Thursday, July 14, 2016

The Big Beet--The Going Big Project Part 1

First up in my July watercolor studio class:  fruits and vegetables.  Our choice.

Farmers' Market is going great guns here in Michigan right now, so I trolled all the available goodies and decided on some beets of various colors.  I liked the roots, the greens, the deep colors.

I go into this painting class knowing that I have trouble getting deep colors, with the level of contrast that I like.  So these seemed like a good subject.

I reminded myself of my three goals:
  1. Go Big
  2. Don't lose my sketchbook style
  3. Let the watercolor do more of the work for me
First thing, to warm up, I sketched a golden beet in my sketchbook.  I'm working in a Strathmore mixed media 500 book right now.

I'm pleased with how this sketch turned out, with a sense of the roundness of the root and the layers of the various leaves coming off of it. 

I also discovered the Daniel Smith quinacridone gold is one of my new favorite colors!  You see it here throughout, but most clearly in the top of the beet.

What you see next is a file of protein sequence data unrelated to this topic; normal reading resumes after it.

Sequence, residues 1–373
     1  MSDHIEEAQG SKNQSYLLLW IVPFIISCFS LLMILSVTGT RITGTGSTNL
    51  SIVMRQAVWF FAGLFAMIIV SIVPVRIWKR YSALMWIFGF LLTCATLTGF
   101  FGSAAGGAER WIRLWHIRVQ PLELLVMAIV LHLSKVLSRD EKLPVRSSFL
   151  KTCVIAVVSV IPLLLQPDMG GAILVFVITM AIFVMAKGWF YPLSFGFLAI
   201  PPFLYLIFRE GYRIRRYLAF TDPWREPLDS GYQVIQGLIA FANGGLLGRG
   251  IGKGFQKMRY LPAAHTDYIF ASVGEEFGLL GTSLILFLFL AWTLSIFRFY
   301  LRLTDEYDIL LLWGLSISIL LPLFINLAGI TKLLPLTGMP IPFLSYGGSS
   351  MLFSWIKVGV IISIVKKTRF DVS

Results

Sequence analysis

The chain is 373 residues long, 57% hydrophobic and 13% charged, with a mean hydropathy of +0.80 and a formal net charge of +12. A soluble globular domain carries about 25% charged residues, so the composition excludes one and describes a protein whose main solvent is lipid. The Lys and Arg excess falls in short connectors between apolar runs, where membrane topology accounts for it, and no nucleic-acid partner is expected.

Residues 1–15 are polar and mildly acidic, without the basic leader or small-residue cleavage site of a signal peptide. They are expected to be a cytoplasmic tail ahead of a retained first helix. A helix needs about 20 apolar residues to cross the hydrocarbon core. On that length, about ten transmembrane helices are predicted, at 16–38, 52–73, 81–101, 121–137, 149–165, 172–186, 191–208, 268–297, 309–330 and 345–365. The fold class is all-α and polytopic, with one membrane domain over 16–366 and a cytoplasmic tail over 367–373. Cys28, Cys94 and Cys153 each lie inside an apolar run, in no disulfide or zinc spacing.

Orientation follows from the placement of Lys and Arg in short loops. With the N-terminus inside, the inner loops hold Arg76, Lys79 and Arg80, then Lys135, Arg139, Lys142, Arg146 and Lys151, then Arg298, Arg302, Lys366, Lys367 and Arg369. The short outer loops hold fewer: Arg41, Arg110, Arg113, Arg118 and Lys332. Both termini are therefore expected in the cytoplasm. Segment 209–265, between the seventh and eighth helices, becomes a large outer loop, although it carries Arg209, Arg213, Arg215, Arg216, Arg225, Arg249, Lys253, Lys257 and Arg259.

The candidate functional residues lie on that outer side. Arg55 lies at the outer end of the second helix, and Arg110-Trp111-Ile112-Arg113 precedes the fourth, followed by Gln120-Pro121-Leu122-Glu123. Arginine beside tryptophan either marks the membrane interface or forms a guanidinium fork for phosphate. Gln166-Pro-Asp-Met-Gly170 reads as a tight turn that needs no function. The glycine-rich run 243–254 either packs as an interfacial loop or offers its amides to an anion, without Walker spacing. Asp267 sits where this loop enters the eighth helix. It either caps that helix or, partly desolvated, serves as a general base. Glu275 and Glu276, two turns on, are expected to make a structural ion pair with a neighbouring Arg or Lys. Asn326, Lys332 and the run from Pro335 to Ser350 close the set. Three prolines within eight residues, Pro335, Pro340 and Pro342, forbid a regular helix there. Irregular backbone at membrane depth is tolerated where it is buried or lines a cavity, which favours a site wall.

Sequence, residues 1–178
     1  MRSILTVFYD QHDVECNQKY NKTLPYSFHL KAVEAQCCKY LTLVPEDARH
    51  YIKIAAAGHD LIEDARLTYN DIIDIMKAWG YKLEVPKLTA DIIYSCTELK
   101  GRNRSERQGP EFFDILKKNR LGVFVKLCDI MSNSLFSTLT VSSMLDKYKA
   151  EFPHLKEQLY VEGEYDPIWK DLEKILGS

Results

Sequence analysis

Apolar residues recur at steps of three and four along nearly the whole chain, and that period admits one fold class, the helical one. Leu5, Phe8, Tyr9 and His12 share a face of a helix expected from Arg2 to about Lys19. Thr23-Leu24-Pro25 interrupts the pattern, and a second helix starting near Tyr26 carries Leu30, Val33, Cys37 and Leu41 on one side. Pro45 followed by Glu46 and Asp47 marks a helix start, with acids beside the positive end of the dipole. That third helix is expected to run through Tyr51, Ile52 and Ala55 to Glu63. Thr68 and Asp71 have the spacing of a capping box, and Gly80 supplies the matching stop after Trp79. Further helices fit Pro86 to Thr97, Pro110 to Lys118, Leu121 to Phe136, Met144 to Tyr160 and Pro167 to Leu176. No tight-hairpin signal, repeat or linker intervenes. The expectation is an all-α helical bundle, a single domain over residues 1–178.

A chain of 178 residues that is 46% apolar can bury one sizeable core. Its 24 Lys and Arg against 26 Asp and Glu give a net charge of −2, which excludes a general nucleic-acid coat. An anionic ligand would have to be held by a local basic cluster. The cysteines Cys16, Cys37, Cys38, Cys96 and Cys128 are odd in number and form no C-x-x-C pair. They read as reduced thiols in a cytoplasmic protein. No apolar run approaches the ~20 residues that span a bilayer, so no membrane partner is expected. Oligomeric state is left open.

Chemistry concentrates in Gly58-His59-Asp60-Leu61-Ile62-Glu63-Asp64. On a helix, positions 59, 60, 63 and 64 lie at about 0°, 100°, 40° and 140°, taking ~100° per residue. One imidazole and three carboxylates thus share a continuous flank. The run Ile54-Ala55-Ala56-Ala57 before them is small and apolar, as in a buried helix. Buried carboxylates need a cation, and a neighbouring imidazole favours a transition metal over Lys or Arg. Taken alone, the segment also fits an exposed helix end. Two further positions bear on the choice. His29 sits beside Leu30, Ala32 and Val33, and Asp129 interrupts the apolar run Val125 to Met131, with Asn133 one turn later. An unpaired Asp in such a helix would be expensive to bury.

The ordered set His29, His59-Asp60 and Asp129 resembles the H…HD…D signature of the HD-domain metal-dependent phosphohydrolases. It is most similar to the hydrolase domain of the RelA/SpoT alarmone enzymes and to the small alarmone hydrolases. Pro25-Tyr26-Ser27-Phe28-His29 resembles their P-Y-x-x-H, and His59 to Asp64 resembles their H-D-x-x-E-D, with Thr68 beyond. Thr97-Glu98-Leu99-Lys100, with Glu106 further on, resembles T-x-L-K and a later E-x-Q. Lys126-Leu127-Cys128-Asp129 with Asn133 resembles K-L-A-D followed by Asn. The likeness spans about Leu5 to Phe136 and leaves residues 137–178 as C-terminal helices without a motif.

Next, for fun, I tried the same beet again, on a super rough watercolor paper from India.

Exact same colors and brushes.  Very interesting how the color settles in the pockets of the paper and creates a more mottled effect.  Plus, scanning the paper throws all kinds of weird shadows (that's why it looks gray speckled in the scan above).  

Finally, I felt warmed up enough to tackled the beets!  ALL THE BEETS!!!  PLUS GREENS!!!!


So here is my Go Big version of the beets, on 18 x 24 Strathmore 400 watercolor paper.

And for fun, here's a final shot of the beets and all three of my versions, done in about three hours.

I moved pretty fast, as you can imagine, to get these done (along with chatting and drinking coffee with my colleagues) in three hours.

I think, however, that's part of my sketchbook style.  I like to move quickly most of the time.  Sometimes, yeah, I like to sit and really draw something measured and detailed.  But most of the time, I'm more interested in fast lines, with some level of accuracy, that capture and convey what I'm noticing.

And hey!  Look, ma!  No pen!  No pencil either, actually.  I went right onto the paper in all three of these directly with paint on my brush.  I'm not sure if I'm letting the watercolor do more of the work for me, yet.  I think it's more like now I'm drawing with paint instead of pen.  But I did remember to allow the washes to bleed and blend, particularly on the beets themselves.

Super fun.  Looking forward to drawing more beets soon.  And maybe some other fruits and vegetables!

No comments:

Post a Comment